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Details of Grant 

EPSRC Reference: EP/N017870/1
Title: Glass-Ceramic Wasteforms for High Level Wastes from Advanced Nuclear Fuel Reprocessing
Principal Investigator: Hyatt, Professor N
Other Investigators:
Corkhill, Dr C Hand, Professor RJ Hanna, Adjunct Assoc. Prof. J
Stennett, Dr MC Travis, Dr KP
Researcher Co-Investigators:
Project Partners:
Department: Materials Science and Engineering
Organisation: University of Sheffield
Scheme: Standard Research - NR1
Starts: 01 January 2016 Ends: 21 October 2019 Value (£): 419,974
EPSRC Research Topic Classifications:
Energy - Nuclear
EPSRC Industrial Sector Classifications:
Energy
Related Grants:
Panel History:  
Summary on Grant Application Form
A key barrier to maturation and exploitation of glass-ceramic technology, for immobilisation of high activity waste from nuclear fuel recycle, is the gap in fundamental understanding of the molecular-scale mechanisms of phase separation and crystallization, that lead to the development of the desired phase assemblage and microstructure. These characteristics determine the long-term performance behaviour of the glass-ceramic wasteform in a geological disposal facility. The demand for increased waste loading per package, to minimise onward storage, management and disposal costs, results in a tendency towards liquid-liquid phase separation and (uncontrolled) crystallization of complex metal oxide phases. The grand challenge, to be addressed in this project, is in predictably achieving the targeted phase assemblage and microstructure, requiring a detailed understanding of the transformation process as a function of both cooling rate and melt chemistry. Controlling this phase separation and crystallization process is critical to preventing the formation of a non-durable crystal, glass, or crystal-glass interface. This understanding is of paramount importance for radioactive waste management programs in the UK, USA, and elsewhere, which seek to exploit glass-ceramic technology or, conversely, optimize conventional borosilicate glasses to improve the solubility of key fission products and actinides.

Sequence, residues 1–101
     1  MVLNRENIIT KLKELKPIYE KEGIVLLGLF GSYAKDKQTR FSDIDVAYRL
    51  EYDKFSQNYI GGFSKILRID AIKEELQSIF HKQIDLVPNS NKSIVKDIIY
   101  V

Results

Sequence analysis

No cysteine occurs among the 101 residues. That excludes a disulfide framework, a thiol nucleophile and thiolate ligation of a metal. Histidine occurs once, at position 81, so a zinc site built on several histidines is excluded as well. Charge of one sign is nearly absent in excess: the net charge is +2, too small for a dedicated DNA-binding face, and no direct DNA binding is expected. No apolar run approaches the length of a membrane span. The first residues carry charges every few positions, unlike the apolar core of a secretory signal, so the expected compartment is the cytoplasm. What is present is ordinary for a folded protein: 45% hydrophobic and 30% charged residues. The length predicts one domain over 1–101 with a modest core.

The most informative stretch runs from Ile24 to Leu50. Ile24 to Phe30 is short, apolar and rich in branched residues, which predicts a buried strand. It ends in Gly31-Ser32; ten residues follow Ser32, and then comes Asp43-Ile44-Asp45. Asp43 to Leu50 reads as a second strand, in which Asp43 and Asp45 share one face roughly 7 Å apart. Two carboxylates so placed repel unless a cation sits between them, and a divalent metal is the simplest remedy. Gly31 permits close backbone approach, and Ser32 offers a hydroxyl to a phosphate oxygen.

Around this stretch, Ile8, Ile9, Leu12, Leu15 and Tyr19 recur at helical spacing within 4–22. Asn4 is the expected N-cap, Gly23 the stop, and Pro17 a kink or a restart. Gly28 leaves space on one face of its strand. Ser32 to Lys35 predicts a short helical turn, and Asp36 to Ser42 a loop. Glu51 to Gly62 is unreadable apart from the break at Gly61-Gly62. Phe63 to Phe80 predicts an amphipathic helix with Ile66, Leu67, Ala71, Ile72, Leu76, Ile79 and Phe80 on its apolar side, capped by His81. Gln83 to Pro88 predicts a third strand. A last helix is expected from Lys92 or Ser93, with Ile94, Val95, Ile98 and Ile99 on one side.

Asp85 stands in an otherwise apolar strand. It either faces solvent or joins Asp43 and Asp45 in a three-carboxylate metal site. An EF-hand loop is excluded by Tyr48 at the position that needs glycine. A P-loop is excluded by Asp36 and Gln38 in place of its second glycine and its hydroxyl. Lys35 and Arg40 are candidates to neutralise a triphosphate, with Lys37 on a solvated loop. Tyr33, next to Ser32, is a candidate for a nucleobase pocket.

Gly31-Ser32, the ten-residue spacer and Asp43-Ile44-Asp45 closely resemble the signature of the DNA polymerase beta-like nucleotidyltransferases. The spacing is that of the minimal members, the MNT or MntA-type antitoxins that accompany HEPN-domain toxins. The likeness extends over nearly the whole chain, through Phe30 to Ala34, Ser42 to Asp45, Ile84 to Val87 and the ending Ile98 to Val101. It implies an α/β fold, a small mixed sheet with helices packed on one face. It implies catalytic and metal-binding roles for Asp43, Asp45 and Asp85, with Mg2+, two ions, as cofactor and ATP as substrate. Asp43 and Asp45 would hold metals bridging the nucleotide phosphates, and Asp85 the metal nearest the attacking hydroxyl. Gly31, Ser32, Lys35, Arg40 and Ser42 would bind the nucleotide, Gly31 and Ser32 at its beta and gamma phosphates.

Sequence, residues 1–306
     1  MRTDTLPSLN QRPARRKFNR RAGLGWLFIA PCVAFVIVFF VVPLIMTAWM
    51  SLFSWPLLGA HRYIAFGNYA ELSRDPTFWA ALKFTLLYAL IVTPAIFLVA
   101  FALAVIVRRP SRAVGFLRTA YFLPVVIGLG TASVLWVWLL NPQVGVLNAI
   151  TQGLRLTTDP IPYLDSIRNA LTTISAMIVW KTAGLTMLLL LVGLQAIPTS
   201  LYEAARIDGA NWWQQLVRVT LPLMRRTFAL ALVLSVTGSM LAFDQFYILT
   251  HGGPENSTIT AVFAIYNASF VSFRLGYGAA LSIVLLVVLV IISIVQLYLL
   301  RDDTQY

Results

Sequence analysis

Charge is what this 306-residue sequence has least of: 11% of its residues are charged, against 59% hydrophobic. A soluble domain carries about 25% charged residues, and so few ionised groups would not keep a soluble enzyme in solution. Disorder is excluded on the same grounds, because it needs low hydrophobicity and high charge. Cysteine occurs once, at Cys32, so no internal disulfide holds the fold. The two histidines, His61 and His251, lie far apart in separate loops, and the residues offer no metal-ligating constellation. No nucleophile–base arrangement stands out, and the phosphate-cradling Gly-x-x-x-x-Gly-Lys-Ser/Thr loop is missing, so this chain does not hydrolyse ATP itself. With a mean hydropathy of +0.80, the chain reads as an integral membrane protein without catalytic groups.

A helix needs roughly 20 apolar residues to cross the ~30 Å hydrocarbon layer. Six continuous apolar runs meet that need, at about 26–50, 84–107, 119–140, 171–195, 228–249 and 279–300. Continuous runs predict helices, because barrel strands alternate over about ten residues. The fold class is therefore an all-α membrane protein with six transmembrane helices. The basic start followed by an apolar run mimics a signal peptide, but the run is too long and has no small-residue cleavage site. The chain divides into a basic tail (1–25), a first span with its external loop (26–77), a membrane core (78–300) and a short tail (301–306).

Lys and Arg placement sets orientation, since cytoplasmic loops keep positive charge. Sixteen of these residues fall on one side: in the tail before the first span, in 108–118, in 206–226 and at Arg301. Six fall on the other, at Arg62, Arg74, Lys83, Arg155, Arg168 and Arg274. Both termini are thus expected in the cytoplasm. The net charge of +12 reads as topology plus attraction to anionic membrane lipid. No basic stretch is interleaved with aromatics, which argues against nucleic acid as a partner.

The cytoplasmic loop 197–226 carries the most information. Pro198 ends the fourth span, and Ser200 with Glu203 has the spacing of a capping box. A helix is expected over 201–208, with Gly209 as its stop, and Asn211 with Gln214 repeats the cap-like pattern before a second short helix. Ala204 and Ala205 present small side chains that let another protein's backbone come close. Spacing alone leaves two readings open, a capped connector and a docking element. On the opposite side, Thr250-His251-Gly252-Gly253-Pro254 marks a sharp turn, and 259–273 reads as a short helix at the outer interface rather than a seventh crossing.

This research program is a joint collaborative enterprise between leading researchers from the US and UK who, collectively, bring mutually complementary and compatible skills, capabilities, and interests required to achieve a paradigm shift in the fundamental understanding of relevant phase separation and crystallization mechanisms in glass ceramics for radioactive waste immobilisation.

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Organisation Website: http://www.shef.ac.uk